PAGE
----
Germany has held the media spotlight for all the wrong reasons lately, as weak industrial production and retail data have dominated the headlines. Now, the fourth largest economy in the world (and the largest in Europe) has just avoided a technical recession – two consecutive quarters of negative growth – with a flat growth rate in the October-December quarter, following a 0.2% contraction in July-September.
Despite the relatively good news, Germany faces troubles ahead amidst its inability to boost their economy: they have failed to post any growth since June. For the whole year, Destatis, the Germany statistics body summarised that after a dynamic start into the first half of the year (+0.4% in the first quarter, +0.5% in the second quarter), a small dip (-0.2% in the third quarter, 0.0% in the fourth quarter) was recorded in the second half of the year. Overall, for the whole year of 2018, this was an increase of 1.4% (calendar adjusted: 1.5%). Hence growth was slightly smaller than reported in January.
How this has happened? We have asked expert Nikki Howes, Investment Associate at Heartwood Investment Management, the asset management arm of Handelsbanken in the UK, to shed some light onto Germany’s economic problems.
“Some of the most likely culprits are well-publicised issues. These include the knock-on effects of slowing Chinese growth, trade war concerns, and the impact of new emissions regulations. However, one less well-known factor has almost certainly played a part: the water levels in the river Rhine.
So, what do Rhine water levels and German growth have in common? They both appear to have fallen in the second half of 2018. Over the summer and into the autumn, the Rhine’s water depth reached levels last seen in the 1920s, creating significant challenges for its use as a transport channel. Since the river is essential for the movement of goods within Germany, supply chain issues emerged almost immediately, including a shortage of imported raw materials and commodities – especially challenging for Germany’s flagship industrial and manufacturing sectors as well as German households.”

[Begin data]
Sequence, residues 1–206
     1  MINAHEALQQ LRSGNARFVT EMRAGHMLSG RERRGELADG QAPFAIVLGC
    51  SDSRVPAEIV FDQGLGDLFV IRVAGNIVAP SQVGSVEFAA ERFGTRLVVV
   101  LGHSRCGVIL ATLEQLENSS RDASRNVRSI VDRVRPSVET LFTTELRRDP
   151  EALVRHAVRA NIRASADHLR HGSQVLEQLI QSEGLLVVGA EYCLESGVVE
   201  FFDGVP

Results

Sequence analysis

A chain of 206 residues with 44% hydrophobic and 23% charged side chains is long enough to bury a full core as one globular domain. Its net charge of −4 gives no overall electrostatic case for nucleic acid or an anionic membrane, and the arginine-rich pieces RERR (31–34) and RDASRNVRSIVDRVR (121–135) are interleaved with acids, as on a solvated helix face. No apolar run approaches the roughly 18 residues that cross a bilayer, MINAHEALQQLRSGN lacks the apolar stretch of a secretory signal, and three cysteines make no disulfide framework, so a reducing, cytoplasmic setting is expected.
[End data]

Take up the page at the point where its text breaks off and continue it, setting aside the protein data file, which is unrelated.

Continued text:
In fact, the weather has played its role into bringing Germany’s economy to an almost technical recession. Germany suffered some pretty devastating flooding in 2018, causing several fatalities and forcing thousands to leave their homes. That disruption hasn’t helped the economy.
Likewise, another important factor has been the car woes and the recent scandals surrounding major carmakers. The Volkswagen diesel emissions scandal is still reverberating around Germany’s auto sector. Carmakers now have to meet tougher pollution tests, creating a backlog of models waiting to be tested and approved, and a backlog at the factories.
Nonetheless, Germany’s Danske Bank did mention to other good news rather than the technical recession headline. For them, “domestic demand did fine, as both private consumption, government consumption & investments rose in Q4. Details clearly better than headline.”
Hernaldo Turrillo is a freelance journalist working now for IntelligentHQ. Hernaldo was born in Spain and finally settled in London, United Kingdom, after a few years of personal growth. Hernaldo finished his Journalism bachelor degree in the University of Seville, Spain, and began working as reporter in the newspaper, Europa Sur, writing about Politics and Society. He also worked as community manager and marketing advisor in Los Barrios, Spain. Innovation, technology, politics and economy are his main interests, with special focus on new trends and ethical projects. He enjoys finding himself getting lost in words, explaining what he understands from the world and helping others. He was born journalist and became a thinker. Knowledge has no limits.